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imaoldmanyoungsalt wrote:Very well stated Karst................but now I'm a little nervous about my next adventure!
TroutSupport.com wrote:Simple.. check the NOAA chart for predicted vs actual like Karst mentioned, but also if the wind shifts to hard north or NW at 25... expect that the water levels will drop.
In my experience, 2.0 and higher above MLLW, water is into the cordgrass or shoreline vegetation. 2.0 covers all living oyster reefs that I’ve come across. Something around 3.5 to 4.0 puts water on streets in the lowest neighborhoods in Surfside.
Levels between 1.5 and 2.0, water is mostly out of the cordgrass and shoreline vegetation. Oysters will likely still be covered.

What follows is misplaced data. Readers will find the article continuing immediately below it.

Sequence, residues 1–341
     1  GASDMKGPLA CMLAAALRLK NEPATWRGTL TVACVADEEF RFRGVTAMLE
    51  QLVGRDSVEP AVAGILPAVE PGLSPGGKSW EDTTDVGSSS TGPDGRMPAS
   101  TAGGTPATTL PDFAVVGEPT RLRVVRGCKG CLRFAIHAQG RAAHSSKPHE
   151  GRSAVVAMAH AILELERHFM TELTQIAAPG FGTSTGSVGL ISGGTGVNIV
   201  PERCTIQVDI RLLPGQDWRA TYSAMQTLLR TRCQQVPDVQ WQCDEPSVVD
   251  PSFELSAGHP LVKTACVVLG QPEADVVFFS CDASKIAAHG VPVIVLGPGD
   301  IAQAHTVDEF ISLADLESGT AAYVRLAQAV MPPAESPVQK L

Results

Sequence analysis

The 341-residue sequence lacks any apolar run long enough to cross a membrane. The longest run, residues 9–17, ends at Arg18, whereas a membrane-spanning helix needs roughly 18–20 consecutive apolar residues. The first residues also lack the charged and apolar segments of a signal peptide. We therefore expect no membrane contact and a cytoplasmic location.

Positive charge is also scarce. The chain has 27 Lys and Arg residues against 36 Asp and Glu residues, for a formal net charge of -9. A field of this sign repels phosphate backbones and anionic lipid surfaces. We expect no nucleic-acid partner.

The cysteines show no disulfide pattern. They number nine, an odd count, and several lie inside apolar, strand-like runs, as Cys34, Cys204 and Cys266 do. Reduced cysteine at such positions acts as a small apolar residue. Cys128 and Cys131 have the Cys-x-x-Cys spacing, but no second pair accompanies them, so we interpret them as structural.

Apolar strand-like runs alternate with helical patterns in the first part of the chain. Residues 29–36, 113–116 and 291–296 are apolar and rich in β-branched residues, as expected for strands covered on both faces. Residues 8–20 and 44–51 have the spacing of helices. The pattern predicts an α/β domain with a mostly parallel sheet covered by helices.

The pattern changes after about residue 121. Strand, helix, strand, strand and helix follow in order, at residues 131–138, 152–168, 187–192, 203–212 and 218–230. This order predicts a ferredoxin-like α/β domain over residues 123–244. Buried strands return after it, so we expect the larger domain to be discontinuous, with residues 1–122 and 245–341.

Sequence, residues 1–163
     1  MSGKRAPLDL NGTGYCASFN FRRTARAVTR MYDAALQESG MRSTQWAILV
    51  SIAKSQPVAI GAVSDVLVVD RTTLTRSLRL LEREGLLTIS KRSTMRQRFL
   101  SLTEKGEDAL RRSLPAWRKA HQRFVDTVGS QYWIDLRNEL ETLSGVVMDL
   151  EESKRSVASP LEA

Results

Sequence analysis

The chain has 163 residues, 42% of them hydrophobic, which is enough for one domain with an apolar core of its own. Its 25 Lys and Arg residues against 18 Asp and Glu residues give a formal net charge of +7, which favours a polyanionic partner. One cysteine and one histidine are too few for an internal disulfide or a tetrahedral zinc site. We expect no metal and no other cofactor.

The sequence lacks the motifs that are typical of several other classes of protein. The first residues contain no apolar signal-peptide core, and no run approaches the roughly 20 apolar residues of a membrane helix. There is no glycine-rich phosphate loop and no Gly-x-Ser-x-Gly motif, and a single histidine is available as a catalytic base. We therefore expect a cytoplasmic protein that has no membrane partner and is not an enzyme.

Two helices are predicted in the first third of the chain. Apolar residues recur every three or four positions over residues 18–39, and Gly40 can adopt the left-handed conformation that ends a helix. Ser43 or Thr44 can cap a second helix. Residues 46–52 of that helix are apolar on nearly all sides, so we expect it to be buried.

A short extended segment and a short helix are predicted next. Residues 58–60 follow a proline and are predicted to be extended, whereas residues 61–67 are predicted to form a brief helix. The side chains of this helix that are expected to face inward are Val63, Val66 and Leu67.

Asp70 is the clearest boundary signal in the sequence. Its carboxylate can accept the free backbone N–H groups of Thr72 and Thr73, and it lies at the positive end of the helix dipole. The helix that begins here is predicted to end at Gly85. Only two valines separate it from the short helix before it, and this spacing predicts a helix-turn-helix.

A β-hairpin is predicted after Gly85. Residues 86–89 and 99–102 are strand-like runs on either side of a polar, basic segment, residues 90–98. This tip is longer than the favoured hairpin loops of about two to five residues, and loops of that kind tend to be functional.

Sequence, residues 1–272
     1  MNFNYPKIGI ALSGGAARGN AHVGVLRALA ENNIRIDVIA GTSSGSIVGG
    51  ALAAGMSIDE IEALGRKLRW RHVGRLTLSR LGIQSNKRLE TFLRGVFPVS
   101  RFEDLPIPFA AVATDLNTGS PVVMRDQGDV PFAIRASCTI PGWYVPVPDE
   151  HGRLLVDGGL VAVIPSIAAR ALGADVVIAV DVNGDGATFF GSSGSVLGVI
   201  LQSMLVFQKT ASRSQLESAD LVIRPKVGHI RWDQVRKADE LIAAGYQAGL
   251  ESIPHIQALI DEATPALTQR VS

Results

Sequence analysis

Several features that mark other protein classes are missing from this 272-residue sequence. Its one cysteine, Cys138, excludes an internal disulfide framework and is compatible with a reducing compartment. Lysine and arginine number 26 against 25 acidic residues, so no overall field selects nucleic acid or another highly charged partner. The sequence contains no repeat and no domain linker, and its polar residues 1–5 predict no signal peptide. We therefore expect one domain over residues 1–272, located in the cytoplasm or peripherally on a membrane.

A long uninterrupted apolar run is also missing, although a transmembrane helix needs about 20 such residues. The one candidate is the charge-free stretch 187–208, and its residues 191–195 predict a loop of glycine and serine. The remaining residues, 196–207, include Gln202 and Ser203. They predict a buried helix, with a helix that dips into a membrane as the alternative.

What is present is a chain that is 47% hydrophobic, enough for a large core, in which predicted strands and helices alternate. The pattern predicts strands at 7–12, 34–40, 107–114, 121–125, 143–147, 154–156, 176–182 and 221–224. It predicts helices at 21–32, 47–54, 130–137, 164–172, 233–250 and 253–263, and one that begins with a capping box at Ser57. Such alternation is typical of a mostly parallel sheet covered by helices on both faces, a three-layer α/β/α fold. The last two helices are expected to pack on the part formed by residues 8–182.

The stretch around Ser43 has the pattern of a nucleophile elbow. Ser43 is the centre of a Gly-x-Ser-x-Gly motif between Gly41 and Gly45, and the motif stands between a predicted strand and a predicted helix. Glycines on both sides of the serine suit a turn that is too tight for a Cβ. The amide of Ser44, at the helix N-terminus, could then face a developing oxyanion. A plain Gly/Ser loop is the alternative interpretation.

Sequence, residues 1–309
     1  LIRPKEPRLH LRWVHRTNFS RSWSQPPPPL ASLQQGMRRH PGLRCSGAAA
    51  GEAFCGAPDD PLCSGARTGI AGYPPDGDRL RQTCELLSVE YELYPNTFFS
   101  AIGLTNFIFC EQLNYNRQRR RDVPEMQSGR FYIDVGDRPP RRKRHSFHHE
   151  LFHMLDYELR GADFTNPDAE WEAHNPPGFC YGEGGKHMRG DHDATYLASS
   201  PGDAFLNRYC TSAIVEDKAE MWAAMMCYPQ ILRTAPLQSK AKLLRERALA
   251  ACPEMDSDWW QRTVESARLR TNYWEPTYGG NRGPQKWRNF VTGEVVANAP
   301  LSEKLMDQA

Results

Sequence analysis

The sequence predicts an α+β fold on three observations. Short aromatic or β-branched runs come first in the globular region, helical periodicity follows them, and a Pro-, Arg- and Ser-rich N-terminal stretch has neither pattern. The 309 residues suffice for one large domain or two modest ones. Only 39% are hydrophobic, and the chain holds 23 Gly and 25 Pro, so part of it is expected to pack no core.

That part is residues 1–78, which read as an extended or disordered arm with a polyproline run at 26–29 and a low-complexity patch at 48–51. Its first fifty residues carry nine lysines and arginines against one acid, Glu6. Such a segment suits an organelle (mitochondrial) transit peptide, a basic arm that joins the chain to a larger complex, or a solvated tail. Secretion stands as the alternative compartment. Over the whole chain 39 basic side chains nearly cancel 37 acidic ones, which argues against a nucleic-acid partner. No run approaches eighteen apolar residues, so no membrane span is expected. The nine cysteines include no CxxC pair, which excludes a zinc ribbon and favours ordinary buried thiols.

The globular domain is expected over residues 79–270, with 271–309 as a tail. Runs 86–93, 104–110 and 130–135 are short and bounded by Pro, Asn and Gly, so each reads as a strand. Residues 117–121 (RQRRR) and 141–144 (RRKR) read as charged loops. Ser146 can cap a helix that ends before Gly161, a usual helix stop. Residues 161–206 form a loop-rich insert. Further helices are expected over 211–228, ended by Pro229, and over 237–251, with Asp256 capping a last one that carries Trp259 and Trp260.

Levels between 1.0-1.5, oysters or tops of reefs start appearing exposed.
Levels 1.0 -0.5, some of the back areas of the marsh will start to get to be too shallow to navigate.
Levels 0.5-0.0, most shallow reefs are mostly exposed, large parts of many marshes become unnavigable.
Below 0.0, many marshes have huge areas without water and only the drains and channels remain with water to navigate.
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